Securities and Exchange Commission Chairman Mary Schapiro announced plans to make it easier for SEC staff to bring enforcement actions and indicated that the Financial Accounting Standards Board would further modify fair value accounting standards.

In a speech before the Practicing Law Institute on Friday, Schapiro said that she would empower the SEC enforcement staff by ending the commission’s two-year “penalty pilot” experiment, which required enforcement staff to obtain a special set of approvals from the commission in cases involving civil monetary penalties for public companies punished for fraud.

“In speaking to our enforcement staff, I’ve been told that these special procedures have introduced significant delays into the process of bringing a corporate penalty case; discouraged staff from arguing for a penalty in a case that might deserve a penalty; and sometimes resulted in reductions in the size of penalties imposed,” said Schapiro.

She was introduced before her speech by Linda Chatman Thomsen, whom the SEC announced on Monday is leaving her job as director of the division of enforcement to return to the private sector. Thomsen was criticized in a congressional hearing last week for the SEC's failure to uncover Bernard Madoff's $50 billion Ponzi scheme, and for declining to answer questions about the SEC's earlier investigations of Madoff.

Another immediate change announced by Schapiro would bolster the SEC’s enforcement program to provide more rapid approval of formal orders of investigation, which allow SEC staff to use subpoenas to compel witness testimony and the production of documents.

“When I was a commissioner, formal orders were routinely reviewed and approved within a couple of days by written approval of the commission or by [a] duty officer — a single commissioner acting promptly and on behalf of the entire commission,” said Schapiro. “Today, however, many formal orders of investigation are made subject to full review at a meeting of all five commissioners, necessitating that they be placed on the calendar sometimes weeks in advance.”

Schapiro also said that she would improve the quality of credit ratings by addressing the inherent conflicts of interest at credit-rating agencies that largely depend on financial companies for compensation. She also wants to create centralized clearinghouses for credit default swaps so they can be more closely regulated. In addition, she would strengthen “risk-based oversight of broker/dealers and investment advisers,” improve the quality of audits for nonpublic broker/dealers and promote the “safe and sound custody of customer assets by any broker/dealer or investment adviser.”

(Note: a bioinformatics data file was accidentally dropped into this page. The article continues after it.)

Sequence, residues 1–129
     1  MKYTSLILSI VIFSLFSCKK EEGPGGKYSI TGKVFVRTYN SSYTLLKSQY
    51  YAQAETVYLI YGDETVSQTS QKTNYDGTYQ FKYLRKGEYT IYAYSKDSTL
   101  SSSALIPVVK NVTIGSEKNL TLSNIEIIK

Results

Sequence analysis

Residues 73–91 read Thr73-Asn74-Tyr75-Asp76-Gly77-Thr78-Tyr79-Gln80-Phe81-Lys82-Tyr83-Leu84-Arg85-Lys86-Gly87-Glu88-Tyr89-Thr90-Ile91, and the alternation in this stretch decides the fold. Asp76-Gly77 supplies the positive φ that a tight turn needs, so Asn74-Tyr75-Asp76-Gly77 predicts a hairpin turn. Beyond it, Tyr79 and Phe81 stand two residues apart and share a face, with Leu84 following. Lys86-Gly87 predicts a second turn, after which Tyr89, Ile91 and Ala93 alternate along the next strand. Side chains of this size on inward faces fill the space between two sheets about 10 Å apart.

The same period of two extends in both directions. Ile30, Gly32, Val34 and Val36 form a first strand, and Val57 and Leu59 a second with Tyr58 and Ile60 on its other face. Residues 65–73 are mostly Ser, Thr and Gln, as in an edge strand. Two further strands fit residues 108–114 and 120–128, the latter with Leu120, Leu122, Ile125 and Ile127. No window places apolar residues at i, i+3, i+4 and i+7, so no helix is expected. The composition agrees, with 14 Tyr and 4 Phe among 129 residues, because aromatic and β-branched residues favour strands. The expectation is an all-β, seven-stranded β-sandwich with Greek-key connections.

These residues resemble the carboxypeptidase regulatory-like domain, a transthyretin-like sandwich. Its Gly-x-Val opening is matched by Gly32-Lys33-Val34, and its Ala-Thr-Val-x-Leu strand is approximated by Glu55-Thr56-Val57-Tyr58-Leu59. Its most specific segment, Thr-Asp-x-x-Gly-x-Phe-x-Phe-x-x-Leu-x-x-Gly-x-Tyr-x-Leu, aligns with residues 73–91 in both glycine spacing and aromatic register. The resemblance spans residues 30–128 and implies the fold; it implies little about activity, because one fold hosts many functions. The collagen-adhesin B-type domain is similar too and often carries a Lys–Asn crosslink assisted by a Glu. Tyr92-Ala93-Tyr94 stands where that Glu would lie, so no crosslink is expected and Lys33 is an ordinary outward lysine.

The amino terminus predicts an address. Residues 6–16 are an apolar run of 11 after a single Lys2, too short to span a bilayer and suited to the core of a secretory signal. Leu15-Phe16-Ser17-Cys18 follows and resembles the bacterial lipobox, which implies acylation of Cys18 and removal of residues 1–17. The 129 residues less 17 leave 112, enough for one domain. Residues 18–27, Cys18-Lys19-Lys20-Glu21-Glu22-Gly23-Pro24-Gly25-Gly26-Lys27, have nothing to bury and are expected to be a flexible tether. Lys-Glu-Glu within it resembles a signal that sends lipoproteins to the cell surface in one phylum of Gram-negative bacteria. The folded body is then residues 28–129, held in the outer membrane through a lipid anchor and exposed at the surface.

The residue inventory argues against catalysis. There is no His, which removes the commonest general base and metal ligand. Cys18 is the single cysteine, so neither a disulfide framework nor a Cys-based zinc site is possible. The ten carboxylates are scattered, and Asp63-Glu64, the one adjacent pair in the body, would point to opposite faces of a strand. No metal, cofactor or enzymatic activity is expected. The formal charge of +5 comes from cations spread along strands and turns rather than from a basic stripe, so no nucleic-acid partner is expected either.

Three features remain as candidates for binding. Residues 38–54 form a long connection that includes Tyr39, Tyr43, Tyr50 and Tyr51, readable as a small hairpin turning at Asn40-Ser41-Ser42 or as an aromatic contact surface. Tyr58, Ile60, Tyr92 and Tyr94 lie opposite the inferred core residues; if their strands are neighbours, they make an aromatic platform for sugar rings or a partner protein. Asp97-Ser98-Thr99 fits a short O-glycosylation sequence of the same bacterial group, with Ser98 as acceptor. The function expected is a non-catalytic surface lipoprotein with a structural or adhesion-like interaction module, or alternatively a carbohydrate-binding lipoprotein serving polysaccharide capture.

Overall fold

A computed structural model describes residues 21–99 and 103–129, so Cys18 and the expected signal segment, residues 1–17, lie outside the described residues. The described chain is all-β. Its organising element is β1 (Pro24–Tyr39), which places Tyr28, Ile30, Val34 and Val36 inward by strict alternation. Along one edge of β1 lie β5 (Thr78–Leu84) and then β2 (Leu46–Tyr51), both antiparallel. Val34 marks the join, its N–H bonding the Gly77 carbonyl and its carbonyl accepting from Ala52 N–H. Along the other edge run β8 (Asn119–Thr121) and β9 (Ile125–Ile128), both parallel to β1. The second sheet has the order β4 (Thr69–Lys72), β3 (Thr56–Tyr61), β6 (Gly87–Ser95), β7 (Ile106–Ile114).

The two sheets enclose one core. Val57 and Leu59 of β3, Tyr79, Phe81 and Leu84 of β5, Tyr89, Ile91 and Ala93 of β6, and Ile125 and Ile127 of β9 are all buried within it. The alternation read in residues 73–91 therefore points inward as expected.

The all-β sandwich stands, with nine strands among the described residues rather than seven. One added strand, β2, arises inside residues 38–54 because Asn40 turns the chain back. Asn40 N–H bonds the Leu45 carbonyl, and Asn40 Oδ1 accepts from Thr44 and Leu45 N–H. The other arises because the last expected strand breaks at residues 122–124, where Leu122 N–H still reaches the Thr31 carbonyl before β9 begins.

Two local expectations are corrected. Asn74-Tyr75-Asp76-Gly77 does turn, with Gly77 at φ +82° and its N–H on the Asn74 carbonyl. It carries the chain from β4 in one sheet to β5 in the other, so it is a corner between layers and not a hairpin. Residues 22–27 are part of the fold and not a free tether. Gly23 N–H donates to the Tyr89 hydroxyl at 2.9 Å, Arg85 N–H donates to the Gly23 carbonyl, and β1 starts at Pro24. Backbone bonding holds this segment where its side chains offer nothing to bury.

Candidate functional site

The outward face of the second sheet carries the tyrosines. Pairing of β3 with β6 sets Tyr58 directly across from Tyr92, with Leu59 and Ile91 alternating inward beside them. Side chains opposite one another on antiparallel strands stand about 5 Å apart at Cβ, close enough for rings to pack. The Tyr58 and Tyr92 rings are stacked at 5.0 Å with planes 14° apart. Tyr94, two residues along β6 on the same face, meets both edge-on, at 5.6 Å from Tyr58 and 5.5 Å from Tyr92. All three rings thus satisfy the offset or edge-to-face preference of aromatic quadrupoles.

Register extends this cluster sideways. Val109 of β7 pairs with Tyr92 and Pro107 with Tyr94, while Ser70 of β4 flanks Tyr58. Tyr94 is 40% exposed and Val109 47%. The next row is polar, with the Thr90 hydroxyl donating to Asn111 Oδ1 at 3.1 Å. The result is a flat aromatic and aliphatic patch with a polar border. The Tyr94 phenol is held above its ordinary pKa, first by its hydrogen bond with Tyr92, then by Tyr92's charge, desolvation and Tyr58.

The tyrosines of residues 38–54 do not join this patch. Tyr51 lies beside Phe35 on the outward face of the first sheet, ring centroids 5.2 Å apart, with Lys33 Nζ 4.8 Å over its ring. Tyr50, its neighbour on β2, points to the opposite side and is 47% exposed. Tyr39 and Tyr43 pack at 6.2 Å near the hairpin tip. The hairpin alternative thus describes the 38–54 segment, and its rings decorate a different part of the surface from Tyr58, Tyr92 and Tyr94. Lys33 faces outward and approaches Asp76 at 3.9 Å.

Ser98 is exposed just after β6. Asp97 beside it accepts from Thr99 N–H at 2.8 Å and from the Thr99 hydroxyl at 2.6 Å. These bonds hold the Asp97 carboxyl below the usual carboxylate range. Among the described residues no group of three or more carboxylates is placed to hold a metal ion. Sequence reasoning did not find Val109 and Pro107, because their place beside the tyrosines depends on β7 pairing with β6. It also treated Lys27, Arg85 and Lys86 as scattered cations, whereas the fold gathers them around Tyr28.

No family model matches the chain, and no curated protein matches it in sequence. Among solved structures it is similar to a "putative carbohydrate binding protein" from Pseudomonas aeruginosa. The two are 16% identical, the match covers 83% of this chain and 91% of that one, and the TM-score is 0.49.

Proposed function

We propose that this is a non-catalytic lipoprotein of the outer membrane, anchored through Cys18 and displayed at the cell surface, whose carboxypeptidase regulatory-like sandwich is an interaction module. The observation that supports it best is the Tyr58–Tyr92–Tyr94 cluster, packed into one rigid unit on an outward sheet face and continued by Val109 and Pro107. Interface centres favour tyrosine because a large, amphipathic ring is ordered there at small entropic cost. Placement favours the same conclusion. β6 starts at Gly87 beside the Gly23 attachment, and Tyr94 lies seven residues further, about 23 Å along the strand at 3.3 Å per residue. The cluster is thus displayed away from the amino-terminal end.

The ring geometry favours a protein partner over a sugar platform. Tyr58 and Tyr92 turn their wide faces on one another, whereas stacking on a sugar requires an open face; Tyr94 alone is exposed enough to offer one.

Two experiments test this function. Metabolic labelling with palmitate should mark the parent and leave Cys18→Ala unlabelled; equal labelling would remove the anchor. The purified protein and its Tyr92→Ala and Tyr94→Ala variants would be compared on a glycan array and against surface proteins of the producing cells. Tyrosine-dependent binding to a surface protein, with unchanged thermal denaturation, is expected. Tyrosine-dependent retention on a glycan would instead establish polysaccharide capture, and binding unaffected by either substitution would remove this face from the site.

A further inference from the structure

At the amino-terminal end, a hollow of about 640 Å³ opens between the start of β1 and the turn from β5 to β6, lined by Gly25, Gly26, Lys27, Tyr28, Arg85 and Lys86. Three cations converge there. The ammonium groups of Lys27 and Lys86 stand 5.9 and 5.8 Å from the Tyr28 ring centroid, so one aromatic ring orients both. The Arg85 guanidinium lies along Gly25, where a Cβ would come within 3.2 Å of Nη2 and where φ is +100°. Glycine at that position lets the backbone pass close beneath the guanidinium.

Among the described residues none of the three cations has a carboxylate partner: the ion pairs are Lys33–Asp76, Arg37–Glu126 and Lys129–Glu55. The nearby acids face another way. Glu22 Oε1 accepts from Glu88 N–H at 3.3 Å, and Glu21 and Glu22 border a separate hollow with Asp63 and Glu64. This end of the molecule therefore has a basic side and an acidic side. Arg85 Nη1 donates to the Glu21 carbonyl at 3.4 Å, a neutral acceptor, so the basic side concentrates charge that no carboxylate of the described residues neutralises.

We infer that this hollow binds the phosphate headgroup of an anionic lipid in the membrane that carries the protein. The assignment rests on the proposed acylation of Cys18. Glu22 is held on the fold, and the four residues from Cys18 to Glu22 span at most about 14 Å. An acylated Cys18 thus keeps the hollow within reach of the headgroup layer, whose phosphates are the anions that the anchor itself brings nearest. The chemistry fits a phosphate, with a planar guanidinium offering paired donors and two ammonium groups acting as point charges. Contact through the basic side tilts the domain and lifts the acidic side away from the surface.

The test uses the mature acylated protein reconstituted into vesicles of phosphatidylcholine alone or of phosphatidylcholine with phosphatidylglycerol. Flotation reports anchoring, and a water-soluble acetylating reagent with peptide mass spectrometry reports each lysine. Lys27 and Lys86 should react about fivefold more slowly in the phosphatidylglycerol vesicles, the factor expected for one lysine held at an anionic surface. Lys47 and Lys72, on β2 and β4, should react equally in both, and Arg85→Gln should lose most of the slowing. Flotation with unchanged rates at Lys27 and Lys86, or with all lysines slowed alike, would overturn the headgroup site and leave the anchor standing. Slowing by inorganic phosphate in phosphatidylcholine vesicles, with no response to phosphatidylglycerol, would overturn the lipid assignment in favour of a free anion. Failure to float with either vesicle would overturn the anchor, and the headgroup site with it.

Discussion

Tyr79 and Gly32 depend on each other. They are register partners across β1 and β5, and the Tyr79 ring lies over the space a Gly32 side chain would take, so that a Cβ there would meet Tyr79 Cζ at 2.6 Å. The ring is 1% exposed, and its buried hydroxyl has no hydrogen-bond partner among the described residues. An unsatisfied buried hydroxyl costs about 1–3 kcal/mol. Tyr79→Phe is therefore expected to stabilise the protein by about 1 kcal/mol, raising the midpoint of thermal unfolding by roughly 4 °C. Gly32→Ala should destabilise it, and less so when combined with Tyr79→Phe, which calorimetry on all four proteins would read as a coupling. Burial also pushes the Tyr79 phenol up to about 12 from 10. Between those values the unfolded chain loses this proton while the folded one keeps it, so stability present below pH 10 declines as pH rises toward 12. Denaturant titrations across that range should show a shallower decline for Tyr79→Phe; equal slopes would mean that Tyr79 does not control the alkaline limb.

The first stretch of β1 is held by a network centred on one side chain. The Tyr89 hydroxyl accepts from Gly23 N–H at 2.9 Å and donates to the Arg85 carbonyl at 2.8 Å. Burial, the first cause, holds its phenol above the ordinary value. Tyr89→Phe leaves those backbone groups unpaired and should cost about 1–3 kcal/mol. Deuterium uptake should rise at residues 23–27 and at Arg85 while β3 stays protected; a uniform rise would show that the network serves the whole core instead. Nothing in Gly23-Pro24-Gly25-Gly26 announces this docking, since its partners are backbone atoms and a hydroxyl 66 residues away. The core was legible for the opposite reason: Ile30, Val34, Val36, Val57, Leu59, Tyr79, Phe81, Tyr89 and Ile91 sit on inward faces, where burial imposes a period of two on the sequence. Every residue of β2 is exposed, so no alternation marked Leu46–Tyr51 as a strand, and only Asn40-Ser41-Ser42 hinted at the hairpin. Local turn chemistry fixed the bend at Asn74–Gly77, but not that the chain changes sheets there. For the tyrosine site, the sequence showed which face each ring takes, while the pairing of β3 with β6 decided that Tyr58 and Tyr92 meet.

Asked by reporters about fair value accounting, Schapiro indicated that FASB would work to address the recommendations in the SEC’s recently released report on mark-to-market accounting. “FASB is considering those changes,” she said, according to The Washington Post, but she added that the changes would be “more around the margins, providing flexibility, interpretative guidance and so forth on mark-to-market.”

FASB released a proposal late last month to require disclosures about the fair value of financial instruments in interim financial statements as well as annual financial statements (see FASB Wants More Fair Value Disclosures).

Separately, the SEC is giving companies more time to comment on the proposed roadmap for transitioning to International Financial Reporting Standards. The SEC said last week that it has lengthened the comment period by another two months. Schapiro indicated during her confirmation hearings and in a letter to the Senate that she has misgivings about IFRS (see New SEC Chair Has Doubts about IASB).

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